EDIT:

Just watched Romanza Lesson Part 1 and am looking forward to giving it a shot! I love the light attitude you assume in these, making this fun and approachable!
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Last edited by lpa53; 09-08-2017 at 08:59 PM.
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Old 09-08-2017, 08:52 PM
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Bach two part and three part inventions (transcribed for the guitar of course) might be something to consider working on.
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Old 09-09-2017, 07:50 PM
Guitar Slim II Guitar Slim II is offline
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Thanks again for the looks and the comments everyone.

Quote:
Originally Posted by lpa53 View Post
I've played fingerstyle guitar for 50 years (boy, hard to believe) but boy, using that pinky is a killer.

While I've only looked at the one counterpoint video, what I liked about it was that it wasn't stressing technique too much. When I attempted taking some on line Delcamp courses, there was so much emphasis on proper technique and an insistence on using only the rest stroke, that it was off-putting
I'll let you in on a secret: that rest-stroke business is not gospel anymore, and it hasn't been for several decades. Playing rest strokes to sustain a melody over top of an arpeggio pattern, as in Romanza, has fallen out of favor over the years.

Of course, one advange of rest strokes is that they're naturally louder, so the melody in this kind of pattern "automatically" jumps out at you. But generations of guitarists have found the technique awkward and unbalanced. Phrasing and fine control is so much more natural with free strokes in an arpeggio pattern like this. You just need to have enough dynamic control to bring out the notes you want.

For a lot of modern classical guitarists, the rest stroke is mostly reserved for single-note lines and accents. Using it in a tune like Romanza or, say, the Sor B-minor Etude, is rather old school based on my experience...
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Old 09-11-2017, 09:51 AM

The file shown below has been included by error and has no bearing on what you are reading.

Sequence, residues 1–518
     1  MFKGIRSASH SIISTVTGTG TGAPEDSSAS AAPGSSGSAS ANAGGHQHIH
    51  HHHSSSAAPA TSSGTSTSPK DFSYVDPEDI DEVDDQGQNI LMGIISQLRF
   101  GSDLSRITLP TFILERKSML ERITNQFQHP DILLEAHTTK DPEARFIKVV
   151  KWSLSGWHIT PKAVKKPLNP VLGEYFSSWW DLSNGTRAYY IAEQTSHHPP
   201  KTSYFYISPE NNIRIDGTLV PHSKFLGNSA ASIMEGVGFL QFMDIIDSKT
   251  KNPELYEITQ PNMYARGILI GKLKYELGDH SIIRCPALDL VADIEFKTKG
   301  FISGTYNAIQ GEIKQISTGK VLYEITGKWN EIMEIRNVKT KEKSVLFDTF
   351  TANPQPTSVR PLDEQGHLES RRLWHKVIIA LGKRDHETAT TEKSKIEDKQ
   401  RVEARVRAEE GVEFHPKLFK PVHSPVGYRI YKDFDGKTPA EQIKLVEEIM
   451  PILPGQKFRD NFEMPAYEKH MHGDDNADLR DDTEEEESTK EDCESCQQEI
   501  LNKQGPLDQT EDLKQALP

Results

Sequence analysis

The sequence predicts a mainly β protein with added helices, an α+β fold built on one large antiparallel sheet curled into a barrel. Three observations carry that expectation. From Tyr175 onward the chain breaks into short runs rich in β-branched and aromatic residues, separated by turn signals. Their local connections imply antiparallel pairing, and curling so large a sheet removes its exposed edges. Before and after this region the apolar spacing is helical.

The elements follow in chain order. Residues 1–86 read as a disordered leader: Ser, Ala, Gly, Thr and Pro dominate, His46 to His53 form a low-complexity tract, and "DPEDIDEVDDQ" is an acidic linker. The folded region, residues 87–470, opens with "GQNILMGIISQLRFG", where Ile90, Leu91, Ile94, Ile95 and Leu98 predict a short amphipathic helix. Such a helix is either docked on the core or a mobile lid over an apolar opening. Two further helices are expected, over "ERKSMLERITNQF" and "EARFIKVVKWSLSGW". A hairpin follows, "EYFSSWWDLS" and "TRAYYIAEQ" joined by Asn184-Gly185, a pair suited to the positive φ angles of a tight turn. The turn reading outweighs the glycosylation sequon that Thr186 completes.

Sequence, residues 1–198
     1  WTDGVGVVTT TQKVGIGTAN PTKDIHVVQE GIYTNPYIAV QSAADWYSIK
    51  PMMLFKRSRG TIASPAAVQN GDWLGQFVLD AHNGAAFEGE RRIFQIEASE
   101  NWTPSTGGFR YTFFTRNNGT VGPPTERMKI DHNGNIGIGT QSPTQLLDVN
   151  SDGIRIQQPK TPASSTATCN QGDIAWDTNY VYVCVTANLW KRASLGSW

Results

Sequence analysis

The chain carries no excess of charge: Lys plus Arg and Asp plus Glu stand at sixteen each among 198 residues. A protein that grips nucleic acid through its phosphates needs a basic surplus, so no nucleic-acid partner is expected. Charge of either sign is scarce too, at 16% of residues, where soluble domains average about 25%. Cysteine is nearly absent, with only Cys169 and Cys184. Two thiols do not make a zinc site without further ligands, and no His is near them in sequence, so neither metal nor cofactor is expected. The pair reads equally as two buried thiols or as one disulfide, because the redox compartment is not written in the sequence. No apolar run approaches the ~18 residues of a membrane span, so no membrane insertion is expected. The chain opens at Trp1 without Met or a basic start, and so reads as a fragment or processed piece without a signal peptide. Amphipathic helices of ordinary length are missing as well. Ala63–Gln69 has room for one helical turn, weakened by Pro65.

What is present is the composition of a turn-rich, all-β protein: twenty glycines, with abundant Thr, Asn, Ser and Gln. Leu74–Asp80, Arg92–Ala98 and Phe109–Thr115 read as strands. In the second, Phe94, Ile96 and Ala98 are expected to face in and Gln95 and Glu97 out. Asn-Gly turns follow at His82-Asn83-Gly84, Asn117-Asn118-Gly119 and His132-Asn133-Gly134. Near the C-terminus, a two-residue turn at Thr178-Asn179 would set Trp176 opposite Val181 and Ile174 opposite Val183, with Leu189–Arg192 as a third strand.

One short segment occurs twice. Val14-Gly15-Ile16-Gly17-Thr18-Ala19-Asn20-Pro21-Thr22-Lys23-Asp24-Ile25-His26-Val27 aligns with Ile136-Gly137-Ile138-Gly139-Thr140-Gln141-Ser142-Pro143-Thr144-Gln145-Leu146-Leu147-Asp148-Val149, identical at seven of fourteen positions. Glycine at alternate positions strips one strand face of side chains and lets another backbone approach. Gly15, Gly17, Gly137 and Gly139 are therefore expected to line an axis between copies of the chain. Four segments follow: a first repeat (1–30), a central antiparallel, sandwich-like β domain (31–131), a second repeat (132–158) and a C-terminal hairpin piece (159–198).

lpa53 lpa53 is offline
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Quote:
Originally Posted by Guitar Slim II View Post
... I'll let you in on a secret: that rest-stroke business is not gospel anymore, and it hasn't been for several decades. Playing rest strokes to sustain a melody over top of an arpeggio pattern, as in Romanza, has fallen out of favor over the years.
Good to hear there is flexibility in the classical guitar community. I'll be looking out for your videos.
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Old 09-17-2017, 10:00 PM
Guitar Slim II Guitar Slim II is offline
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Default PDF available

A PDF of all four "sets" of exercises is now available directly from the web page -- which is now part of my sig (Thanks mods!). I hope to get the second video up by mid-week. Thanks again for the input and interest.
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Old 09-18-2017, 06:10 AM
SunnyDee SunnyDee is offline
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Quote:
Originally Posted by Guitar Slim II View Post
A PDF of all four "sets" of exercises is now available directly from the web page -- which is now part of my sig (Thanks mods!). I hope to get the second video up by mid-week. Thanks again for the input and interest.

Nice site! I think your sig should be "There's more to playing music than wiggling your fingers...."
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Old 09-18-2017, 09:02 AM
reeve21 reeve21 is online now
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Thank you for the tab, Chris.